Note: The following article has been abbreviated here. Please read the entire article at its original source, <Here>
By SHAWNE K. WICKHAM * New Hampshire Sunday News
Criminal defense attorneys predict New Hampshire jurors routinely will be told they have the right to find someone innocent even if the state proves its case because New Hampshire has passed what appears to be the nation’s first “jury nullification” law.
Earlier this month, a Belknap County Superior Court jury found a Barnstead man innocent of felony drug charges after the judge instructed jurors they could decide that acquittal was “a fair result,” even if the state had met the burden of proof.
It’s a legal concept known as jury nullification, a power that experts say has resided in the U.S. Constitution since the nation began but is rarely applied in modern courtrooms.
And it’s the basis for a new state law that permits the defense in all criminal cases “to inform the jury of its right to judge the facts and the application of the law in relation to the facts in controversy.”
Chuck Temple is a professor at the University of New Hampshire School of Law, where he is director of the criminal practice clinic. In his 27 years of practice, he said, he has always asked judges to instruct juries about nullification — but has never had a judge do so.
Temple said the new law, which takes effect Jan. 1, “changes the landscape of how criminal cases will be argued.”
Before, he said, “in the vast majority of criminal cases, there would be no arguments regarding jury nullification. … Now, it’s going to be an everyday occurrence in criminal jury trials.”
The language of the new law is “rather inartful,” never actually mentioning nullification, Temple said. Still, he expects defense lawyers will start telling jurors about it right away; he plans to raise it in a trial set to start Monday in Merrimack County Superior Court.
“I wouldn’t be doing my job if I didn’t,” he said. “It’s just another seed I can plant in their minds in terms of what the fair thing to do is in a criminal case.”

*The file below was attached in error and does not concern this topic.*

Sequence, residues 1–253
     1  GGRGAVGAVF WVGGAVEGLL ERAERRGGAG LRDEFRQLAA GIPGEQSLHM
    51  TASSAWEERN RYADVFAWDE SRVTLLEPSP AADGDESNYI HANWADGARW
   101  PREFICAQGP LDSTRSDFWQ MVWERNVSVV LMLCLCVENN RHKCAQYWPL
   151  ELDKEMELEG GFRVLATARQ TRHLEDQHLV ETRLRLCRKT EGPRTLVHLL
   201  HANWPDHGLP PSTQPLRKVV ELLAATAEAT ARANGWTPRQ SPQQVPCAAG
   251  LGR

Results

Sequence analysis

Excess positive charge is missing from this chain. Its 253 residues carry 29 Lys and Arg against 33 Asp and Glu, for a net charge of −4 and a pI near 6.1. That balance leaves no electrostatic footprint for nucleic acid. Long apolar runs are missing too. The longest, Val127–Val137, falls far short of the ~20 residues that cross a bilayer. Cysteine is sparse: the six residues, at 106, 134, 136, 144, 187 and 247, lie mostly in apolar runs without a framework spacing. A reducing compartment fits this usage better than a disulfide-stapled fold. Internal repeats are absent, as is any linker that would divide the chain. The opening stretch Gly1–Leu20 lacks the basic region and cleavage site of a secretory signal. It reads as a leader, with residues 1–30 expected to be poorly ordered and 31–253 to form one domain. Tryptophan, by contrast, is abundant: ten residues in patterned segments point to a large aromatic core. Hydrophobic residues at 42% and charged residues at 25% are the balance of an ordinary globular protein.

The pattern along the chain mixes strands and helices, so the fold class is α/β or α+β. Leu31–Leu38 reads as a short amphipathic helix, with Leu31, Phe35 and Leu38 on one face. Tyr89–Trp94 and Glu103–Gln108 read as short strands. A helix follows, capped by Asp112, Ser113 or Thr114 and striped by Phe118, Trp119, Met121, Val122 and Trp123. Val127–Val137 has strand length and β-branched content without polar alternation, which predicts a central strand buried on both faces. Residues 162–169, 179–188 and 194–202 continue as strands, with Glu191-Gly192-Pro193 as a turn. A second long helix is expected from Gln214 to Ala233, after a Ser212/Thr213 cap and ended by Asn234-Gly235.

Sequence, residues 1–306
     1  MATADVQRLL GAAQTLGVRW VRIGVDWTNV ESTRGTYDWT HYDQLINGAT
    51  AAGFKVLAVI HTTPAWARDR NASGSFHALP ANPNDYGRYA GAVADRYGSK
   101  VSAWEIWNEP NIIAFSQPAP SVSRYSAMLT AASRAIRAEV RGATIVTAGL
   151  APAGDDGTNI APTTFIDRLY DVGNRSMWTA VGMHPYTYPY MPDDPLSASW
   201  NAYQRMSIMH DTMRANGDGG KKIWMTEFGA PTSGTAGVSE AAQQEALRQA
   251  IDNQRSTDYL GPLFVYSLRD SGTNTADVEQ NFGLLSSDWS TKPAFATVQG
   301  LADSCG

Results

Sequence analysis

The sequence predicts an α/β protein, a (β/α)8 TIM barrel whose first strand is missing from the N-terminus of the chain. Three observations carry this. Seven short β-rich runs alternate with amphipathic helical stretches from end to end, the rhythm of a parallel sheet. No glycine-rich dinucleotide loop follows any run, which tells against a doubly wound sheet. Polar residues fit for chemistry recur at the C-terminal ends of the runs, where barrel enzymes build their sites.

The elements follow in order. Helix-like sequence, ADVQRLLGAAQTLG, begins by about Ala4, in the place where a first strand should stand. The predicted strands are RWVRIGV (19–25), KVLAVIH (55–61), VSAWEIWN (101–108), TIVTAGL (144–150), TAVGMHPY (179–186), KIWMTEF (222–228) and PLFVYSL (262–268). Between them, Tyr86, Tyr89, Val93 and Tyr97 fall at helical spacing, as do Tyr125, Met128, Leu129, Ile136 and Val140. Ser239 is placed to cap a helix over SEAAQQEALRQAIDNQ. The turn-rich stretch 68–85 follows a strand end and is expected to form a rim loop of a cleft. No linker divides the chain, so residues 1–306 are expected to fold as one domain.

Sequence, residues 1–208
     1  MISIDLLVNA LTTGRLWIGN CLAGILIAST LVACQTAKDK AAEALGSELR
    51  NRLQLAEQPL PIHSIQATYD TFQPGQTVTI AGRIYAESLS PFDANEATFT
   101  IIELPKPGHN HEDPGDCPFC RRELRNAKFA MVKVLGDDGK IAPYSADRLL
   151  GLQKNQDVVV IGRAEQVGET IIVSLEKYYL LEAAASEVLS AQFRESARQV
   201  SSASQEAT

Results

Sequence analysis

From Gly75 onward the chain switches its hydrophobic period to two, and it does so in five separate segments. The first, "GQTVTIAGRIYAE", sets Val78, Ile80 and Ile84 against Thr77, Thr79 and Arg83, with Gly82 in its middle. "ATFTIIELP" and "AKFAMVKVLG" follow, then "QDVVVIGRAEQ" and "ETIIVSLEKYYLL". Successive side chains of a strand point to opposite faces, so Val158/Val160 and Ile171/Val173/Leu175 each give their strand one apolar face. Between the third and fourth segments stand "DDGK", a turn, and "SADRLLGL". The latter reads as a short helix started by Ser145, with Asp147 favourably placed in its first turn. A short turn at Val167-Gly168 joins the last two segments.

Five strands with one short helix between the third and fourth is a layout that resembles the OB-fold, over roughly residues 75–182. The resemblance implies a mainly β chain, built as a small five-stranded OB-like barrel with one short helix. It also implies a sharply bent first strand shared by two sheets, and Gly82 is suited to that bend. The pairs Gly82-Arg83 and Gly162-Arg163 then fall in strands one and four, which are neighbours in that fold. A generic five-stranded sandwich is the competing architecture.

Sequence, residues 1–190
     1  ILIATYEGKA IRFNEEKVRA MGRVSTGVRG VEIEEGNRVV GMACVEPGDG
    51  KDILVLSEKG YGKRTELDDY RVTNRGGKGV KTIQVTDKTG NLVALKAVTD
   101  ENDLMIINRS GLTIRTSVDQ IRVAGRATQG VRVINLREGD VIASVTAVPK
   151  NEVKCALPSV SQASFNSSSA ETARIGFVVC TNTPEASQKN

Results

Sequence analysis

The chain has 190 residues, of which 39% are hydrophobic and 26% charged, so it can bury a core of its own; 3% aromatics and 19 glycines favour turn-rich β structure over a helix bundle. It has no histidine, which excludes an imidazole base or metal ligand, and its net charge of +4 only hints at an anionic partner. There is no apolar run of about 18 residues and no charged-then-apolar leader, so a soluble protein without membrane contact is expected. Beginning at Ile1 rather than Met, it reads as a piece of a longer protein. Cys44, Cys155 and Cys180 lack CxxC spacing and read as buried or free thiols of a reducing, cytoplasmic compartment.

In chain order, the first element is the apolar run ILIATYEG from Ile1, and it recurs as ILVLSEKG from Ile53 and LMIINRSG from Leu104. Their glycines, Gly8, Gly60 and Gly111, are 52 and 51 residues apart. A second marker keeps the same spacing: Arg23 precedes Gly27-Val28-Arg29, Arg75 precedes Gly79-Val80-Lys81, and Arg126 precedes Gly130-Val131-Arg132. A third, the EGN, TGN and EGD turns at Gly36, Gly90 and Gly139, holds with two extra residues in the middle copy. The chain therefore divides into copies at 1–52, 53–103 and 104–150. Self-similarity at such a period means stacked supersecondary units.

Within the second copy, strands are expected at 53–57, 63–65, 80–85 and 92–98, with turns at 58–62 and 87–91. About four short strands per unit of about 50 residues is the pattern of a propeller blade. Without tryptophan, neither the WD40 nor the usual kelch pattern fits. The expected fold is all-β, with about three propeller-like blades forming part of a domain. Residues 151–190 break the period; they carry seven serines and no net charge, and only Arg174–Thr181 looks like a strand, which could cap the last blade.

Attorney Mark Sisti, who represented the defendant in the Belknap County case, said the verdict was “an example of just how powerful jury nullification really is.”
With the new law, Sisti said, he expects to see other acquittals come through jury nullification, in marijuana possession and statutory rape cases, for instance. And, he said, “I can envision scenarios even in murder cases….”
Judges have always had the discretion to give a jury nullification instructions, Sisti noted; “It’s just that they have not done that.”
Under the New Hampshire Bar Association’s Criminal Jury Instruction guidelines, here’s what judges may instruct jurors: “Even if you find that the State has proven each and every element of the offense charged beyond a reasonable doubt, you may still find the defendant not guilty if you have a conscientious feeling that a not guilty verdict would be a fair result in this case.”
Jury nullification is “a historical prerogative of the jury,” but that “does not mean that a jury must be informed by the judge of that power,” the guidelines note. Such instruction is “best given only when it is requested by a defendant or when the nature of a particular case otherwise warrants it.”
As of the new year, however, defense attorneys here can bring it up themselves. “It’s a good tool, and it’s been a long time coming,” Sisti said.
(snip) Please read entire article <here>
Additional background reading on subject of jury nullification:
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